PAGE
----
Skip to main content

Biden's visit: When a politically weak president meets an interim prime minister - analysis

US PRESIDENT Joe Biden has been riding a new wave of populism that will become the central theme in the next decade’s election campaigns across the Western world: disparaging big tech corporations; Yair Lapid at The Jerusalem Post Annual Conference.  (photo credit: JONATHAN ERNST/REUTERS, LIOR LEV)
US PRESIDENT Joe Biden has been riding a new wave of populism that will become the central theme in the next decade’s election campaigns across the Western world: disparaging big tech corporations; Yair Lapid at The Jerusalem Post Annual Conference.
(photo credit: JONATHAN ERNST/REUTERS, LIOR LEV)

This will not be a tête-à-tête between two leaders at the height of their political strength with a strong mandate and few immediate electoral concerns.

When Prime Minister Yair Lapid greets US President Joe Biden on the tarmac at Ben-Gurion Airport on Wednesday, it will be an interim premier who very well may not be in office in another five months, meeting with a president whose own political future is looking increasingly uncertain.

Top Articles By JPost
Read More

These are the roads that will be closed during Biden's visit to Israel

In other words, this will not be a tête-à-tête between two leaders at the height of their political strength with a strong mandate and few immediate electoral concerns.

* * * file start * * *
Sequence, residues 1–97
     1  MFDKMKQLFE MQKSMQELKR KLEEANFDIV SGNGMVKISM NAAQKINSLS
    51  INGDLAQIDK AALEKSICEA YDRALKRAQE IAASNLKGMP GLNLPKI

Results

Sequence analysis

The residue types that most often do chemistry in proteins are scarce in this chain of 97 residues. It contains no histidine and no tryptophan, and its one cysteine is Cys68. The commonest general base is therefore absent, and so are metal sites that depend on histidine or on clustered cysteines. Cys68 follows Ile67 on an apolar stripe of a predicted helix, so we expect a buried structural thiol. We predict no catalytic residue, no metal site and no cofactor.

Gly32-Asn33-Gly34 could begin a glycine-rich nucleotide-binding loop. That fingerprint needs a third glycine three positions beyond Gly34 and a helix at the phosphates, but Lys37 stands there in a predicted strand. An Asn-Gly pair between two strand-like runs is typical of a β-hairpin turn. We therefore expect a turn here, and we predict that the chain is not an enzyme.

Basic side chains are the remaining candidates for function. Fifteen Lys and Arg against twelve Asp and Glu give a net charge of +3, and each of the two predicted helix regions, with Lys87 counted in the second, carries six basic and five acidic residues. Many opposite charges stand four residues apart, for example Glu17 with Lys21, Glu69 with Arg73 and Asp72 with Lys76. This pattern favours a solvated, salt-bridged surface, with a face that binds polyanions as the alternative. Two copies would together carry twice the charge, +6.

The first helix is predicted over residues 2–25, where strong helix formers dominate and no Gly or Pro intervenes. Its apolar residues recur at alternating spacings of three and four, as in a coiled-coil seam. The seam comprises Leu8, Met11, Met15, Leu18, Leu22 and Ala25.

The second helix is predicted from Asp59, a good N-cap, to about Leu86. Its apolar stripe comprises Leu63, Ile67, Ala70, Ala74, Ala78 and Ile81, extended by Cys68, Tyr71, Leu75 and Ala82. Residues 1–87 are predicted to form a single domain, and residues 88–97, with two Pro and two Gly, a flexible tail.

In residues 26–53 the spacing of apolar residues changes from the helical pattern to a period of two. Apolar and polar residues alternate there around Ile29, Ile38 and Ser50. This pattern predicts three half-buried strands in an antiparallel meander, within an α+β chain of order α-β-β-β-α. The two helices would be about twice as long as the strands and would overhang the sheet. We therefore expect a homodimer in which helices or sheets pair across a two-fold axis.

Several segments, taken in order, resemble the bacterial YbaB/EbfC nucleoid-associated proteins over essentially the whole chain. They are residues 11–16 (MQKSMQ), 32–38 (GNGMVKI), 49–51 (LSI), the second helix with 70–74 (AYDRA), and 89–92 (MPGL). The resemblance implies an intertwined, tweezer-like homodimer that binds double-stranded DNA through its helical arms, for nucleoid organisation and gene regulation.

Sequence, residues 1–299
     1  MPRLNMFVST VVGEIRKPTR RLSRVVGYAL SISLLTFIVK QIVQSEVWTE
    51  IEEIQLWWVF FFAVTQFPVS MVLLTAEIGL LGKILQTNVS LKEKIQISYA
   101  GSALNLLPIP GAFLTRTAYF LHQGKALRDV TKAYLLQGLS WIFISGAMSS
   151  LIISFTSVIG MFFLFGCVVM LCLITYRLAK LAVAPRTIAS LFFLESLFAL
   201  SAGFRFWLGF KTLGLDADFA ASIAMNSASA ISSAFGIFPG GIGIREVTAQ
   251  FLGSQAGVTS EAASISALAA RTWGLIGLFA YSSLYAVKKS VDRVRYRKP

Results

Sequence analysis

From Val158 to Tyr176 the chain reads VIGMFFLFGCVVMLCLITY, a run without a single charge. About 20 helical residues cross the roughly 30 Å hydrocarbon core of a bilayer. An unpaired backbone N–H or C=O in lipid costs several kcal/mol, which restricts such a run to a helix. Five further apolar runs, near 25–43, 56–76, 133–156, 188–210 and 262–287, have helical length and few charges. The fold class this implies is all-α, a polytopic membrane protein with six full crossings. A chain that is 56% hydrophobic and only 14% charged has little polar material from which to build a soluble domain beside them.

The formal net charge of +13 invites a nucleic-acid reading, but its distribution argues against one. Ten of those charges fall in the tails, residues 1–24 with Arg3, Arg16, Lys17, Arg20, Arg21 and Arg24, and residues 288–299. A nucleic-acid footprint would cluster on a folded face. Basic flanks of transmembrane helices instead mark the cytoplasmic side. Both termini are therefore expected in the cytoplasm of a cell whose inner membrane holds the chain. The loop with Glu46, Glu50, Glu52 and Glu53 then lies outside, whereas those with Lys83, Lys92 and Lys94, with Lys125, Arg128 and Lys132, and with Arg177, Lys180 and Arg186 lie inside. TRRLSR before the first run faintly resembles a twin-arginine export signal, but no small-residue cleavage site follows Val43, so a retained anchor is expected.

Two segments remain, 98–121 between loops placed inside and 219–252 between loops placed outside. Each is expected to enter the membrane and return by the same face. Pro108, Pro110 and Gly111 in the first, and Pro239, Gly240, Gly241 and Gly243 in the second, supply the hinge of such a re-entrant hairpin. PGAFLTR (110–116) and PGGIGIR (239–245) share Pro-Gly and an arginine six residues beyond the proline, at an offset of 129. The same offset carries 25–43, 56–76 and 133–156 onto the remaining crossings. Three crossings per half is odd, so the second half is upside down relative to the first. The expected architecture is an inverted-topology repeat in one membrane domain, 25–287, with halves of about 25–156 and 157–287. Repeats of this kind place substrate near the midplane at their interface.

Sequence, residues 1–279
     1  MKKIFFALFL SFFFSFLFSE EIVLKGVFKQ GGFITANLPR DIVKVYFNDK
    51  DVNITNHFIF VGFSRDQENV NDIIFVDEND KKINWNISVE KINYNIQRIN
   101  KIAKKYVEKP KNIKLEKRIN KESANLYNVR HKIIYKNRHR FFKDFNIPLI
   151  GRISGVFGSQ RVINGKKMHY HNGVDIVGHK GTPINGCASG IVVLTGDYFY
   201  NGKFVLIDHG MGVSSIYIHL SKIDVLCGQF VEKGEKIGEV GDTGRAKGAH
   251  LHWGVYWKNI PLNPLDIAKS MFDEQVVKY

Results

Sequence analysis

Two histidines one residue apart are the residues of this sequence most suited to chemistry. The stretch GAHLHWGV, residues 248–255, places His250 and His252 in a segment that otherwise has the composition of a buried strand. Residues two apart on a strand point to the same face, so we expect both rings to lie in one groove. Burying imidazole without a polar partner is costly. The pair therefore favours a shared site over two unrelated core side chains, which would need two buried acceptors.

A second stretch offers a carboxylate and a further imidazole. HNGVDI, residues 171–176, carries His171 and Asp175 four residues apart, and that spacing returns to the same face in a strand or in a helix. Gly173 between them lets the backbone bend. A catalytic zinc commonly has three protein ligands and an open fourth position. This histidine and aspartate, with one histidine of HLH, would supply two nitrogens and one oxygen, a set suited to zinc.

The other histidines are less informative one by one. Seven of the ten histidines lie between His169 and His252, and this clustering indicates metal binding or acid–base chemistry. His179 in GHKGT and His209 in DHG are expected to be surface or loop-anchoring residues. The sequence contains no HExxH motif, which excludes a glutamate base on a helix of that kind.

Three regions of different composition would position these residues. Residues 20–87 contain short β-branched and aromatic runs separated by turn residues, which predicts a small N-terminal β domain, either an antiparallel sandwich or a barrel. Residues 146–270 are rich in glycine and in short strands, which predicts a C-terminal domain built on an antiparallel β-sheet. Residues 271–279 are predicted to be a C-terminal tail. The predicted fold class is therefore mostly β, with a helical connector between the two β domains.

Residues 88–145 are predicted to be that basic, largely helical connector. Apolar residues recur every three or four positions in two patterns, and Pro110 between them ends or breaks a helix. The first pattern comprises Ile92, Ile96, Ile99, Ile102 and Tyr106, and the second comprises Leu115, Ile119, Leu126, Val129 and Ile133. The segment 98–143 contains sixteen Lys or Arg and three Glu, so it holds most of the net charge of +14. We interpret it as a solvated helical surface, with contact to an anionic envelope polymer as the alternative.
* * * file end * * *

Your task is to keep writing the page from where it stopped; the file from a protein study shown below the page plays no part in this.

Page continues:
Lapid’s Yesh Atid party, according to the most recent polls, is trailing Benjamin Netanyahu’s Likud significantly and would find it highly difficult right now to put together a government after November’s elections.

Likewise, Biden is at perhaps the lowest point in his presidency in terms of public support.

According to the New York Times/Siena College poll this week, Biden’s approval rating is a measly 33%, lower than Donald Trump was at an equivalent point in his presidency. According to an average of five polls on the polling website FiveThirtyEight, Biden’s approval rating over the last week was 38.6%, the lowest at this point in a presidency since Harry Truman.

PM Yair Lapid at a cabinet meeting of the 24th Knesset, July 10th 2022.  (credit: MARC ISRAEL SELLEM)PM Yair Lapid at a cabinet meeting of the 24th Knesset, July 10th 2022. (credit: MARC ISRAEL SELLEM)

How US president came to Israel in the past

But even more striking, fully 64% of Democrats do not want him to be the party’s candidate for president in 2024. In other words, Biden is reaching the mid-point of his first term in office with only 26% of his party ready to chant, “four more years.”